Chapter 1: The Voyage Home
In 1548, Marie waved goodbye to her five-year-old daughter, Mary, Queen of Scots when the little girl sailed from Dumbarton for France. She was now without any family in Scotland. It is apparent from Marie’s extensive correspondence with her mother and her siblings that she was very close to her family, and missed them, as well as her son by her first marriage, Francois, Duke of Longueville.
In the Spring of 1550, Marie’s father, Claud of Lorraine, Duke of Guise died. She wrote to her brother, now Duke of Guise, that she had lost the best father that any child had ever lost and this bereavement may have contributed to her desire to see the land of her birth and her family again.
On 23rd July 1550, Henri II of France wrote to Edward VI of England, requesting a safe-conduct for Marie to travel through King Edward’s dominions, if necessary. It was unlikely that Marie planned to travel overland, but a safe-conduct was necessary in case she should be blown off-course and land at an English port, as indeed occurred on her return trip. Whether the English King and Council would have been quite so accommodating had they known that Henri was planning a grand fete to celebrate the “liberation” of Scotland from English forces is questionable!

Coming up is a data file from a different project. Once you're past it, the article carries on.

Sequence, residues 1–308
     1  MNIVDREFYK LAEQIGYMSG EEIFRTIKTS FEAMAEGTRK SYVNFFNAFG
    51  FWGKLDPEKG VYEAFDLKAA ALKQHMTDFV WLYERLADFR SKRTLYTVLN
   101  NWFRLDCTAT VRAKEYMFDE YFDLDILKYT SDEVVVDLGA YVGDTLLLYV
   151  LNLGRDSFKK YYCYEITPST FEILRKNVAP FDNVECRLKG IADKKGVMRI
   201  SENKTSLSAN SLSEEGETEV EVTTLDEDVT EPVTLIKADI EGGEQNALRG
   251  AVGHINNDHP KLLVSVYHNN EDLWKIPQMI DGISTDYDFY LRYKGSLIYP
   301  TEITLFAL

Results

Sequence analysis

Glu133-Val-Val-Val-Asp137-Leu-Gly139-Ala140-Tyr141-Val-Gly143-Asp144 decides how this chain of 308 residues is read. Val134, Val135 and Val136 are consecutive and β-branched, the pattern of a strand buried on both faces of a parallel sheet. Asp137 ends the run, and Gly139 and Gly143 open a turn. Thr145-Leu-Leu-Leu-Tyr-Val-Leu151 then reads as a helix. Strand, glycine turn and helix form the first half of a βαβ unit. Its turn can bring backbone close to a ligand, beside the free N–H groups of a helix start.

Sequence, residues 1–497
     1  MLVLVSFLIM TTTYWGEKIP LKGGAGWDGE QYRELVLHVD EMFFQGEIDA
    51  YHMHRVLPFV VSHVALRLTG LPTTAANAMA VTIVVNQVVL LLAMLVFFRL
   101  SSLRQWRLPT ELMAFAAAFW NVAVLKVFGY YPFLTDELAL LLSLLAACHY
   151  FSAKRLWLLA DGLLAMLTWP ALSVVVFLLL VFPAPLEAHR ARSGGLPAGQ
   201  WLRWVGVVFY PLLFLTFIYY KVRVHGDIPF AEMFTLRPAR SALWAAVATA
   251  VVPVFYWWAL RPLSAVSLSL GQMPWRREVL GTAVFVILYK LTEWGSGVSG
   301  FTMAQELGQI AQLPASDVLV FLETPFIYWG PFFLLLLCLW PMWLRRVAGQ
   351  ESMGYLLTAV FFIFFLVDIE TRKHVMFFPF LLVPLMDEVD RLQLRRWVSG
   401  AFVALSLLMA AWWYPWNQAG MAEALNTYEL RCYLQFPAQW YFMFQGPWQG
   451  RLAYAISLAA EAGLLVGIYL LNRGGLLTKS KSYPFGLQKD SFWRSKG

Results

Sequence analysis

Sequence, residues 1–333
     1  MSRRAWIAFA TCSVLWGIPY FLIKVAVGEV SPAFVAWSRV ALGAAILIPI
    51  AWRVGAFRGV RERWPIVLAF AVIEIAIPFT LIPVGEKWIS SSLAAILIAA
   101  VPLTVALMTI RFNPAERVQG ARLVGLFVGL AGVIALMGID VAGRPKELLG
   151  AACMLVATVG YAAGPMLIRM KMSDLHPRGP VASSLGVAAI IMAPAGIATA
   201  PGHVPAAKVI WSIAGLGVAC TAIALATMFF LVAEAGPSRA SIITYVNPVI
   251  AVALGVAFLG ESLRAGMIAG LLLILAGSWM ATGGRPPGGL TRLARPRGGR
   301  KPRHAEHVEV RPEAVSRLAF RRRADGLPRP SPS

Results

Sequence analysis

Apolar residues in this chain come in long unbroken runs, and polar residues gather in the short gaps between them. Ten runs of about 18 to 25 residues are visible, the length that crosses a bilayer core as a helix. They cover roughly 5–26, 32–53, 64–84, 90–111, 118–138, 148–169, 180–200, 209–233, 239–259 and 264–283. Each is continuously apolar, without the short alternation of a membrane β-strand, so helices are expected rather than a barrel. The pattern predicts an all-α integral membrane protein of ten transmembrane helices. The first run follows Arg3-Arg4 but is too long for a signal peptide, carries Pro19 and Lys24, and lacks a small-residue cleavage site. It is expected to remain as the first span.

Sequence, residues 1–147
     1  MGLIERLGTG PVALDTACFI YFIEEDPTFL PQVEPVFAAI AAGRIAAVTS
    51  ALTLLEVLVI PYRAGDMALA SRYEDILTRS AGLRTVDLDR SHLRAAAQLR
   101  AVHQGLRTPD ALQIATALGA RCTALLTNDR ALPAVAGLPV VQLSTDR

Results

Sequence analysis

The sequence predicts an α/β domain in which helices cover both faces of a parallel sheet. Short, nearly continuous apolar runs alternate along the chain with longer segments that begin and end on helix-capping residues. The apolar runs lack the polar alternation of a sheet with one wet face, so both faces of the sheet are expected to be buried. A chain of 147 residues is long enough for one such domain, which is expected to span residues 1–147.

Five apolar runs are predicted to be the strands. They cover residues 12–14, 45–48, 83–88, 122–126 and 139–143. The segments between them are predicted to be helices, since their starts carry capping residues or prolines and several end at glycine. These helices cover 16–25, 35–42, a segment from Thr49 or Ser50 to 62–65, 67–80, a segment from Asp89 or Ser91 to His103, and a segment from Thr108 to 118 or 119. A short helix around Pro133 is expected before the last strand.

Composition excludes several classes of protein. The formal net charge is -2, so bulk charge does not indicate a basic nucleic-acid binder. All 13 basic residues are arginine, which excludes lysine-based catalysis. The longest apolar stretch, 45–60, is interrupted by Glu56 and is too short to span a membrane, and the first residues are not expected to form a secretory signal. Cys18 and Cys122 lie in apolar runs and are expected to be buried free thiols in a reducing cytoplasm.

On receipt of the safe-conduct, Henri sent six galleys under the command of Pietro Strozzi, Prior of Capua, to fetch Marie. When she heard the ‘joyueuse nouvelles’ of her impending visit, Marie’s daughter, Mary Queen of Scots was overjoyed, writing to her grand-mother, Antoinette de Bourbon that to see her mother would be ‘the greatest happiness that [she] could desire in the world’.’
Marie embarked on the 6th or 7th September, at Newhaven, together with a large proportion of the Scottish court, no doubt to keep as many of them close to her as possible, and also as an opportunity for Henri II to meet them and ‘reward’ the supporters of the Franco-Scots alliance personally. They landed in Normandy some twelve days later, either at Dieppe or at Havre-de-Grace – the sources conflict. It is likely that Marie spent the first few days at her son’s home in Normandy before travelling on to Rouen by 25th September.
The entire French Court was assembled to meet the Scottish entourage – Henri II, his wife, Catherine di Medici and their children, his influential mistress, Diane de Poitiers, and, of course, the seven year old Mary, Queen of Scots. The little Queen of Scots had been taught a formal speech to deliver to her mother, but, unusually, Marie abandoned all protocol and ran towards her little girl, scooping her up in her arms.